Nov. 24, 1945: Ernest Evans, CHEROKEE, gets the Congressional Medal of Honor. For conspicuous gallantry and intrepidity at the risk of his life above and beyond the call of duty as commanding officer of the U.S.S. Johnston in action against major units of the enemy Japanese fleet during the battle off Samar on 25 October 1944. The first to lay a smokescreen and to open fire as an enemy task force, vastly superior in number, firepower and armor, rapidly approached. Comdr. Evans gallantly diverted the powerful blasts of hostile guns from the lightly armed and armored carriers under his protection, launching the first torpedo attack when the Johnston came under straddling Japanese shellfire. Undaunted by damage sustained under the terrific volume of fire, he unhesitatingly joined others of his group to provide fire support during subsequent torpedo attacks against the Japanese and, outshooting and outmaneuvering the enemy as he consistently interposed his vessel between the hostile fleet units and our carriers despite the crippling loss of engine power and communications with steering aft, shifted command to the fantail, shouted steering orders through an open hatch to men turning the rudder by hand and battled furiously until the Johnston, burning and shuddering from a mortal blow, lay dead in the water after 3 hours of fierce combat. Seriously wounded early in the engagement, Comdr. Evans, by his indomitable courage and brilliant professional skill, aided materially in turning back the enemy during a critical phase of the action. His valiant fighting spirit throughout this historic battle will venture as an inspiration to all who served with him.

Commander Ernest Evans commisioning the USS Johnson

Nov. 25, 1958: Courts deny the TUSCARORA Dam injunction.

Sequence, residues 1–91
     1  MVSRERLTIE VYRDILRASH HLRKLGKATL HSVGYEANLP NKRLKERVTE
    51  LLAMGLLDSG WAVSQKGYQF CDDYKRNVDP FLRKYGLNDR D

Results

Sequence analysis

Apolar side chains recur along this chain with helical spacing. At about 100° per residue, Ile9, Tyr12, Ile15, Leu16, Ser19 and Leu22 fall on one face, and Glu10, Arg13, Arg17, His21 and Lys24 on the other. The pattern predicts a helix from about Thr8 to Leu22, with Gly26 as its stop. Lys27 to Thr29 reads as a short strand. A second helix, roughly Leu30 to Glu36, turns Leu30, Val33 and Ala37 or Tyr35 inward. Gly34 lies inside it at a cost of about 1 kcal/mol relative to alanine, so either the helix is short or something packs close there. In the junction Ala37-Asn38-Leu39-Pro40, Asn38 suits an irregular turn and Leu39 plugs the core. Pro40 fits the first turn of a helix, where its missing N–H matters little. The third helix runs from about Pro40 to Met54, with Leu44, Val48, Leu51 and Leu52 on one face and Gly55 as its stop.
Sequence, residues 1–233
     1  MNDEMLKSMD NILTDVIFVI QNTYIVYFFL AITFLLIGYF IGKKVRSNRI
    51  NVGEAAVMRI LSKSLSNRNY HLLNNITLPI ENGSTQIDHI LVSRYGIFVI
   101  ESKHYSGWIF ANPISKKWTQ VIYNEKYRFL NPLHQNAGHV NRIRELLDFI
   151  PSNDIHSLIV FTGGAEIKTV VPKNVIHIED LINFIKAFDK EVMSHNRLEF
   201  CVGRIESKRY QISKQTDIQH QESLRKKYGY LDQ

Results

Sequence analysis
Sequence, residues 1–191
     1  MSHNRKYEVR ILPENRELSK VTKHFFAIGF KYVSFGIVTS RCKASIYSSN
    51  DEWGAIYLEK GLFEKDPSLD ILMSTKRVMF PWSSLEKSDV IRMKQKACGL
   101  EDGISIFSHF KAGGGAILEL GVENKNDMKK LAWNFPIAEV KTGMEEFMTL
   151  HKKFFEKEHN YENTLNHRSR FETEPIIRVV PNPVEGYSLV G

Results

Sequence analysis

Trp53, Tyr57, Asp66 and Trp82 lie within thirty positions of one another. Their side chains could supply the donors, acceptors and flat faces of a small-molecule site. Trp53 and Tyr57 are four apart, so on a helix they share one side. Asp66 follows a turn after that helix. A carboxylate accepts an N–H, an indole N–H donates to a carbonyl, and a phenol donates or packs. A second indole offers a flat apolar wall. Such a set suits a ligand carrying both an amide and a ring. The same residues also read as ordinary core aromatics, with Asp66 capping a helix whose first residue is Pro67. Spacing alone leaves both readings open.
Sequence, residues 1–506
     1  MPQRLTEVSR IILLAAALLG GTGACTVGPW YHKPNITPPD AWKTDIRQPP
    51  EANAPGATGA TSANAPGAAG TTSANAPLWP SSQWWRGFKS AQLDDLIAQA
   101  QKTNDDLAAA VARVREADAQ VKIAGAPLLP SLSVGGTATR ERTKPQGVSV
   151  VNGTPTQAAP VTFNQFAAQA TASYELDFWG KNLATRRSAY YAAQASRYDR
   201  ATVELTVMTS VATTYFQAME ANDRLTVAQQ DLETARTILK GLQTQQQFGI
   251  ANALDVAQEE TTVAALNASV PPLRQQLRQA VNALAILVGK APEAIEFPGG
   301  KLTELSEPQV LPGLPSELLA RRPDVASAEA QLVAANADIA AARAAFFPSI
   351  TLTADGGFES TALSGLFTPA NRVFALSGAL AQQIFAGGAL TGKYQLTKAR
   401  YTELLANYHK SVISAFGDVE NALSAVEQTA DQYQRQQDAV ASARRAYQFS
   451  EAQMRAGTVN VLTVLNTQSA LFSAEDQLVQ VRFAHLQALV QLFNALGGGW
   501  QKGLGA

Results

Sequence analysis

Nov. 26, 1890: 7th cavalry arrives at Wounded Knee.

Wounded Knee-Today

Nov. 27, 1868: This morning, before daylight, OSAGE Indian trackers find Black Kettle's camp on the Washita River, in western Oklahoma. According to Gen. Sheridan's official report: "Custer, who at once made the most admirable dispositions for its attack and capture. At dawn a charge was made, the village captured and burned, 800 horses or ponies shot, in accordance with positive orders, 103 warriors killed, and 53 squaws and children captured." Army loses, in the attack on the village, were Capt. Louis Hamilton, and 3 soldiers. Nearby CHEYENNE, ARAPAHO, KIOWA, and COMANCHE Indians hear the "battle", and come to Custer's position. Custer will drive the Indians down the Washita for several miles before withdrawing. Major Joel Elliot, seventh cavalry, a Sergeant Major, and 15 soldiers, chase a group of young boys trying to escape the fight. After capturing the boys, Elliot, and his men, are surrounded by superior Indian forces, and are killed to a man. According to Sheridan's report, Custer find conclusive evidence, by way of property and a book with illustrations of their acts, that Black Kettle's Band were the ones who had attacked the Saline and Solomon River settlements. The Army captured 875 horses,, 1123 robes, 535 pounds of gunpowder, and 4000 arrows.

Nov. 28, 1989: The National American Indian Museum Act takes place.

Nov. 29, 1864: Colorado volunteers under Chivington attack Black Kettle and his CHEYENNE AND ARAPAHO followers at Sand Creek in southeastern Colorado. This fight will be called the Sand Creek Massacre.

Nov. 30, 1804: Clark tells the local Indians that he will lead a raid against their enemies

For Information on This Date in Canada visit our friends at:

Canadian Aboriginal News